No deal yet on evacuation of wounded or more aid convoys, but UNICEF says Damascus may allow a convoy with aid for 180,000 of the 400,000 civilians trapped in the region.
Syrian government forces have begun the ground offensive in Eastern Ghouta, which has endured 12 days of bombardment, and government troops have made gains around the edges of the region of small towns and farms.
Softened up from the air and by artillery fire, the Damascus suburbs included in Ghouta are the rebel's last foothold in the capital, and satellite villages to the east and southeast have already fallen.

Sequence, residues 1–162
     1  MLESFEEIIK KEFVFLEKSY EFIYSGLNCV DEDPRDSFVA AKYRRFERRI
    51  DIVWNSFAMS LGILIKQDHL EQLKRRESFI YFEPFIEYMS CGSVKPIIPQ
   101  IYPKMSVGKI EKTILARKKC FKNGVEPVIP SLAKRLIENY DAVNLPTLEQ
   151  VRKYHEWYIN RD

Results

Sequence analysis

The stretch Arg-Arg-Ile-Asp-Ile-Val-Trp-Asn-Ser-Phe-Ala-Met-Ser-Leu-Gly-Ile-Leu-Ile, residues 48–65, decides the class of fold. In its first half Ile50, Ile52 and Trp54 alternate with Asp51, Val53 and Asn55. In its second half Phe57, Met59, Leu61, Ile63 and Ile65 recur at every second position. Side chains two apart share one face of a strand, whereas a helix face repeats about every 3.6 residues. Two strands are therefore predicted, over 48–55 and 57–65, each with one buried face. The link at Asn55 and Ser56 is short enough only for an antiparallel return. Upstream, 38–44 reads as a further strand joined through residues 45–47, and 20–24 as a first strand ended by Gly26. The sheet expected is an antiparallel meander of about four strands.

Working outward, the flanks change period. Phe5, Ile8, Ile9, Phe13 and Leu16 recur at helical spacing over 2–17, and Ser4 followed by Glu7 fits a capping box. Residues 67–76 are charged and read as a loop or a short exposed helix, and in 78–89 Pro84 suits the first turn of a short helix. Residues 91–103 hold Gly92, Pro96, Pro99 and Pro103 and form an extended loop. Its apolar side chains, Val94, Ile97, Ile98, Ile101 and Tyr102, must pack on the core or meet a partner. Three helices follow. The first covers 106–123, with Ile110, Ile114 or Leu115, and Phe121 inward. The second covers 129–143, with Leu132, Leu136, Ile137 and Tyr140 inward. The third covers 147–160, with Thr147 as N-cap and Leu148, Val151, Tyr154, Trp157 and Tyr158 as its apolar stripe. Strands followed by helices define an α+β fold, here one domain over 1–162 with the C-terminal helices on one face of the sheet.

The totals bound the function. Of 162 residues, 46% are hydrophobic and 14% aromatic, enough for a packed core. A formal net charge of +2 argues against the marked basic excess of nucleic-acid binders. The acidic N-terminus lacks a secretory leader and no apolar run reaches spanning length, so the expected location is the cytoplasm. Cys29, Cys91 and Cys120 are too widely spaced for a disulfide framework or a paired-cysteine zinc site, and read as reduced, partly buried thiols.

All this is happening despite the latest five-hour Russian-backed ceasefire, the fourth. None seem to have had much effect.
UNICEF has an aid convoy with enough supplies for 180,000 of the some 400,000 people trapped in Ghouta ready to roll, and its Middle East director said on Friday the Syrian government may allow it to enter the town of Douma, but there is still no deal on evacuations of the more than 1000 seriously wounded, or other aid convoys.